I had to read it almost all in one sitting as it gripped me and after reading I thought about it so much that I had to pick up some rubbish book to take my mind off The Basic Eight. The end, following the dramatic and emotional events of 'October 31st' ends on a sad and poetic note, the poetic descriptive qualities of which are present through Handler's amazing authorship. It's one of the greatest coming of age books, ranking up there with Catcher In The Rye - but in my view, better. Get this book!
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6 of 6 people found the following review helpful By Sarah on 10 Jan. 2003
Format: Paperback
I was asked to read this book on a recomendation from a friend and I didn't expect to enjoy it. However, Handler's insight into the cliques that inevitably form in high school is a fascinating read. High school is a place where children are most commonly influenced and Handler shows this 'coming of age' in a dark, yet witty style. I read this book in a day and I wanted to read it all over again once i'd finished. I find that quite rare. Handler's Basic Eight is never dull, with twists and turns at every chapter's end. I would advise everyone to read this book!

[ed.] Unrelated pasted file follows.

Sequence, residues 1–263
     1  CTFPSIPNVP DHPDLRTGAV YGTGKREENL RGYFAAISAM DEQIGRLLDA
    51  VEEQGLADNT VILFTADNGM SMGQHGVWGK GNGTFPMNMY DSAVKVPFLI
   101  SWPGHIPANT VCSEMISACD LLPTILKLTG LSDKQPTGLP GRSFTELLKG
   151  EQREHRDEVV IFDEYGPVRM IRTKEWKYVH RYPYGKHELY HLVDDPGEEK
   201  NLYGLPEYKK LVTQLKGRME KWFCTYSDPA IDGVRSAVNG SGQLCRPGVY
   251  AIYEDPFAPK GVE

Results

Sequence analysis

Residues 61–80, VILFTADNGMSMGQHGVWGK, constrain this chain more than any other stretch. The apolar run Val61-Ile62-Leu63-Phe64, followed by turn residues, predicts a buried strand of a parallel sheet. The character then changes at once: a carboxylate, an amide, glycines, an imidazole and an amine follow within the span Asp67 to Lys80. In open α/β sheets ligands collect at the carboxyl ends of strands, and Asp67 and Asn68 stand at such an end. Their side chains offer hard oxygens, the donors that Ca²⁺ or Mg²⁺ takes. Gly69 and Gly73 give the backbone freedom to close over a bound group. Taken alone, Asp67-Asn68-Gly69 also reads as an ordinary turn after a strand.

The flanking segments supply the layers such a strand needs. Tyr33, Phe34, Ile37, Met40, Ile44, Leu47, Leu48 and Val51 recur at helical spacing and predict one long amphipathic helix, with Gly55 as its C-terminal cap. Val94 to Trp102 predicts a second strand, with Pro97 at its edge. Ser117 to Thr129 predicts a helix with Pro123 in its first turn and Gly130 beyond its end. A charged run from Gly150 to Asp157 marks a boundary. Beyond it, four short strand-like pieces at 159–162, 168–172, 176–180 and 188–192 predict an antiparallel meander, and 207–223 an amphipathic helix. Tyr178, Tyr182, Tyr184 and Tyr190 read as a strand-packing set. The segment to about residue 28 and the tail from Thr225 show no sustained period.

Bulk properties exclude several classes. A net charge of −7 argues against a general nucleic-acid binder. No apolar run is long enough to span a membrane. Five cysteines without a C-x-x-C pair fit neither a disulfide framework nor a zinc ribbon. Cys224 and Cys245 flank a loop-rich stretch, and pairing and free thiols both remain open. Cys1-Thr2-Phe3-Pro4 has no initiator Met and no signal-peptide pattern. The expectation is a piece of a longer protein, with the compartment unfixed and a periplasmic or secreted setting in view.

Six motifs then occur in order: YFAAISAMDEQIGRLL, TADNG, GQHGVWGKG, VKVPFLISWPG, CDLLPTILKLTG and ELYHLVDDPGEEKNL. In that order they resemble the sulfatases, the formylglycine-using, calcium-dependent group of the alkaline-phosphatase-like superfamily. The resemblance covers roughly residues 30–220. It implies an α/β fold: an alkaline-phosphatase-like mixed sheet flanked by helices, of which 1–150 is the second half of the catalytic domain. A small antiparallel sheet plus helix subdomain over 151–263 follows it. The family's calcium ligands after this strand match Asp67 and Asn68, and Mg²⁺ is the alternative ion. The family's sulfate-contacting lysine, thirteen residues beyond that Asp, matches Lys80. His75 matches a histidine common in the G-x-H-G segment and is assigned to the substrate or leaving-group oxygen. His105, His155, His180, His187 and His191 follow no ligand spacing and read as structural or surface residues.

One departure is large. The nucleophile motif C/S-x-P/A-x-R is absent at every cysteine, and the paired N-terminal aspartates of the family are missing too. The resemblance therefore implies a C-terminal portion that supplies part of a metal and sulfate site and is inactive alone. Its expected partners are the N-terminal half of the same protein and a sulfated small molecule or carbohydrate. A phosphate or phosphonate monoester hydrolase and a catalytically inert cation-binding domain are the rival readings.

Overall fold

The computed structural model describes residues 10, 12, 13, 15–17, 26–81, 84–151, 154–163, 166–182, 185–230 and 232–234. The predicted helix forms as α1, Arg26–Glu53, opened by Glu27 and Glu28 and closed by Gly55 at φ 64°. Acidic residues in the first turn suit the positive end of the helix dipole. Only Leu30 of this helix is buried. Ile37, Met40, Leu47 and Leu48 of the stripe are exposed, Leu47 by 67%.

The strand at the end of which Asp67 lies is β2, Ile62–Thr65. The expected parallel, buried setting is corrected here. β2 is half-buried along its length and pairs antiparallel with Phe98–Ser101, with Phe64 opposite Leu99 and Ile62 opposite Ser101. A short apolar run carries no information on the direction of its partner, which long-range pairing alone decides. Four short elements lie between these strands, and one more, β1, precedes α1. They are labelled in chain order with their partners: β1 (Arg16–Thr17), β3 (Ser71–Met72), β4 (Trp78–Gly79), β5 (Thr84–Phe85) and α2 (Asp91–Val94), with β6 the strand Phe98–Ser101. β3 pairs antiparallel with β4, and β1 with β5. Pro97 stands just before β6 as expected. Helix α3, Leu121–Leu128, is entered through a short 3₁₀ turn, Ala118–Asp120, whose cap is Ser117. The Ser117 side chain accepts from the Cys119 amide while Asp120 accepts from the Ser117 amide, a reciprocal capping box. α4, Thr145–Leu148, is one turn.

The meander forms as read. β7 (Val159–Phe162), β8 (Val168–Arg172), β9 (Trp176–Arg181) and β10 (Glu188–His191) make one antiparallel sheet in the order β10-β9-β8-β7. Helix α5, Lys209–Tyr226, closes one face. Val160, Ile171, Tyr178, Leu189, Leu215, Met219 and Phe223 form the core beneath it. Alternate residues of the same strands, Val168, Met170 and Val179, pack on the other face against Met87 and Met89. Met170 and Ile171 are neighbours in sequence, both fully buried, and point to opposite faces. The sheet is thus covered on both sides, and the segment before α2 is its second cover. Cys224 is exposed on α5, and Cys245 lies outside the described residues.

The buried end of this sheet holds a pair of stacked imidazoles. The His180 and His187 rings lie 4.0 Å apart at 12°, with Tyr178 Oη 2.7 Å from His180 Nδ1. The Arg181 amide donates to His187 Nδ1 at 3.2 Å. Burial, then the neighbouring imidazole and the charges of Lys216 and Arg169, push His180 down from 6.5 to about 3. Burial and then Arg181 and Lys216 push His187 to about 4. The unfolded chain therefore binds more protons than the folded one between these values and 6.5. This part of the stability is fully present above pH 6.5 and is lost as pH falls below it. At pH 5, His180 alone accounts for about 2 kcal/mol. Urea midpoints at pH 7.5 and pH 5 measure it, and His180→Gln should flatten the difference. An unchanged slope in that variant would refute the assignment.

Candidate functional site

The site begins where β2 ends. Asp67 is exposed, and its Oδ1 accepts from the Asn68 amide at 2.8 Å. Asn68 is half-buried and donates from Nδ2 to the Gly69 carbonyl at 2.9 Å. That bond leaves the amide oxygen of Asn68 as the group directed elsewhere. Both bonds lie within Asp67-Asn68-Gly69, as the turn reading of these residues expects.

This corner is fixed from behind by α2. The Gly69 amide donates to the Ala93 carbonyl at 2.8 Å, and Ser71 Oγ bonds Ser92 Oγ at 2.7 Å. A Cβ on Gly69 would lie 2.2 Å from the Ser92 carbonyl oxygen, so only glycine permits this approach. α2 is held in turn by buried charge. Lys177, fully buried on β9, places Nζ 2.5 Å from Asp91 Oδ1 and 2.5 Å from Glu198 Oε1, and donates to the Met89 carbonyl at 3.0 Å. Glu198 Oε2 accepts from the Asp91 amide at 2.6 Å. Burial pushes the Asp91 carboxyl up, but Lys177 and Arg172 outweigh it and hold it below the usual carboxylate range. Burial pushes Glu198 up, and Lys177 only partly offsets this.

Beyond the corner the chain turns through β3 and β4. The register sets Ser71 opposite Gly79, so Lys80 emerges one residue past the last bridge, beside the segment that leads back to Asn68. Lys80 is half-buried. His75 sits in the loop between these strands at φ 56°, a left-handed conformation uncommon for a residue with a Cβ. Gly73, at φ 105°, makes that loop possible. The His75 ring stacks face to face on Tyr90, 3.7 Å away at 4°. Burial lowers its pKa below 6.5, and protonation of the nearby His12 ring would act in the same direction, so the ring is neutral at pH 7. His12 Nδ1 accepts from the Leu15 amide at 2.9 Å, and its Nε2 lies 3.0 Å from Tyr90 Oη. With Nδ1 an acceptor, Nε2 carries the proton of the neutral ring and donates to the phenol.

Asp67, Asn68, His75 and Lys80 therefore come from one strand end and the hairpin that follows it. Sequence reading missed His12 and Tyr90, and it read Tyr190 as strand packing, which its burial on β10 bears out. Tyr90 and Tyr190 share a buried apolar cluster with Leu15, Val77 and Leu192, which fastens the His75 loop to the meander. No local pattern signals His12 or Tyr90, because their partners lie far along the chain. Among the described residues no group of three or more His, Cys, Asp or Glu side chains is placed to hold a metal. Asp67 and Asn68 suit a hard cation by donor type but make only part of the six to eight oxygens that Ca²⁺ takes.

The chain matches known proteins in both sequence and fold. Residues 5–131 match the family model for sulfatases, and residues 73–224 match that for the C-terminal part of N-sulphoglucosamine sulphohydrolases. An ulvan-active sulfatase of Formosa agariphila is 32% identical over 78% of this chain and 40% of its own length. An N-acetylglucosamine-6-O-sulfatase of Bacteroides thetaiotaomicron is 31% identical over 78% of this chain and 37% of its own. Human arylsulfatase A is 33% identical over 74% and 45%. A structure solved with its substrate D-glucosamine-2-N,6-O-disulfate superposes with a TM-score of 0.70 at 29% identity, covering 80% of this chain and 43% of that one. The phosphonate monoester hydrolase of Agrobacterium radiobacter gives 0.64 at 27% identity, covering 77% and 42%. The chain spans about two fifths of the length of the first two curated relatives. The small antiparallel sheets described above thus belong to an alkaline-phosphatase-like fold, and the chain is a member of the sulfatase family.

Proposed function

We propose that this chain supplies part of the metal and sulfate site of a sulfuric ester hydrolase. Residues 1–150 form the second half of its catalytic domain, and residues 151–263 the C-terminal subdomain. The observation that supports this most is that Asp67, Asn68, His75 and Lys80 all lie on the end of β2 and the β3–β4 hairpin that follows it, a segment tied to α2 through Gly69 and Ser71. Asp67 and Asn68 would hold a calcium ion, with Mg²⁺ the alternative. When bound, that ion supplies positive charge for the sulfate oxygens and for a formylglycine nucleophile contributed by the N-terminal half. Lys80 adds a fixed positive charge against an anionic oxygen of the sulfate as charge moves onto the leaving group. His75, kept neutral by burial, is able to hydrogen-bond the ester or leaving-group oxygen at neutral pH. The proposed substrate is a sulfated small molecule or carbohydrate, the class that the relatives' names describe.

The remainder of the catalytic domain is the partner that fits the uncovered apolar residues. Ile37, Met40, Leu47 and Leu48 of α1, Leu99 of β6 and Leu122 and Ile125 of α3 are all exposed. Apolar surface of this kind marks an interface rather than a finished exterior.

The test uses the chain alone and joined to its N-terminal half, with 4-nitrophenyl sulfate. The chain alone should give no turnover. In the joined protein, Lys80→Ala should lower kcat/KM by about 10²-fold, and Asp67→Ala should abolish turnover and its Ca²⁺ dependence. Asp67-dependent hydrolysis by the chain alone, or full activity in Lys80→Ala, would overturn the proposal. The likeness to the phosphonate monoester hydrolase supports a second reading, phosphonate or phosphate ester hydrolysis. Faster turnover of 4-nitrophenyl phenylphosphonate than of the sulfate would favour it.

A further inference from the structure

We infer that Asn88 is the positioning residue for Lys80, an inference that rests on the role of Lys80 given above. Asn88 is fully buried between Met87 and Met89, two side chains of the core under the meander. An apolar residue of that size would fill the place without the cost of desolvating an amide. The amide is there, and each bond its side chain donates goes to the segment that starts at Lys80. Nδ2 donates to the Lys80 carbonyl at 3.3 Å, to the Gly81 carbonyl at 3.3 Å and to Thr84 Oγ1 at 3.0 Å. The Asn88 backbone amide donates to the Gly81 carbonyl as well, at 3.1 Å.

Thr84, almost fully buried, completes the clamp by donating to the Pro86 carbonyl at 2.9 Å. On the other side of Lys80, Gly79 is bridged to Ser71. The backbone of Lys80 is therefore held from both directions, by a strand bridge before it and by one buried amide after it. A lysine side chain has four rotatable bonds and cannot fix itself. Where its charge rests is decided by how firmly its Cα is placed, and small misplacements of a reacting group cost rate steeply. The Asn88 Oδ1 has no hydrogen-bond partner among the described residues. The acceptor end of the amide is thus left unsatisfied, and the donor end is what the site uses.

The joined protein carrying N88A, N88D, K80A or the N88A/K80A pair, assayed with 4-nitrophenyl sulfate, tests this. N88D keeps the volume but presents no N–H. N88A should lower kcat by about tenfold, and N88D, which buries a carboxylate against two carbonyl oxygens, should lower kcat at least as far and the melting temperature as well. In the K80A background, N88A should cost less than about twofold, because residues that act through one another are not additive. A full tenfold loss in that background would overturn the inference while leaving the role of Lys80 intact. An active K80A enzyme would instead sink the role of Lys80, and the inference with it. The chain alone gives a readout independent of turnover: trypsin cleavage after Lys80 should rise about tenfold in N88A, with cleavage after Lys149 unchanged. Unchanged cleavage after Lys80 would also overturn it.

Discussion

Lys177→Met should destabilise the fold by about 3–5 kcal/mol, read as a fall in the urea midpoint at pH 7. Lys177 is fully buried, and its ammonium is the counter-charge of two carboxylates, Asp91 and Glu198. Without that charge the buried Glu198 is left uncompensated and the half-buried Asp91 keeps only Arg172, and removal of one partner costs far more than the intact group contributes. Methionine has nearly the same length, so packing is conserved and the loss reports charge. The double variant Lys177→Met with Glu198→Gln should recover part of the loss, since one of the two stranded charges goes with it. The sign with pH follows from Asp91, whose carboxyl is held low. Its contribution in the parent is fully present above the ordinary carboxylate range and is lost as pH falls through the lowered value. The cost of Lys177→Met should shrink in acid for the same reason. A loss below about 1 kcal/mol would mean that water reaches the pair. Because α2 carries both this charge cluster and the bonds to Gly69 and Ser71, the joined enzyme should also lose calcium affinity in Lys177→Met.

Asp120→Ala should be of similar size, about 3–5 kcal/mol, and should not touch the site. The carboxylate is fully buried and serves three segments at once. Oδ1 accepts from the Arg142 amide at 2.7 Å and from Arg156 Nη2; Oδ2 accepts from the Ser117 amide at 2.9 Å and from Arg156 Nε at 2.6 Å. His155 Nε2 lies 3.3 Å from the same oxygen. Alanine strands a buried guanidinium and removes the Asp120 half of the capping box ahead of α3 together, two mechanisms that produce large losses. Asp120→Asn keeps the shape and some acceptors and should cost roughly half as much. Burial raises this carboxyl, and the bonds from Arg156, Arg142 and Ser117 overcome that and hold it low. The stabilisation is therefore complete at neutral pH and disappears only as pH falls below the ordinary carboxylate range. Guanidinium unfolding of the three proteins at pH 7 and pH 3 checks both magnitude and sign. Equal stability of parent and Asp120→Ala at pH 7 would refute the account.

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3 of 3 people found the following review helpful By A Customer on 12 Dec. 2001
Format: Paperback
Daniel Handler's Basic Eight, tells of an elitist group of High School kids, who's activities, language and general existence may seem oddly familiar if you are a keen cinema goer. It is very easy to visualise this book and when you do, it will remind you of many a teen-murder film, such as Heathers or Scream with a bit of Clueless thrown in for good measure.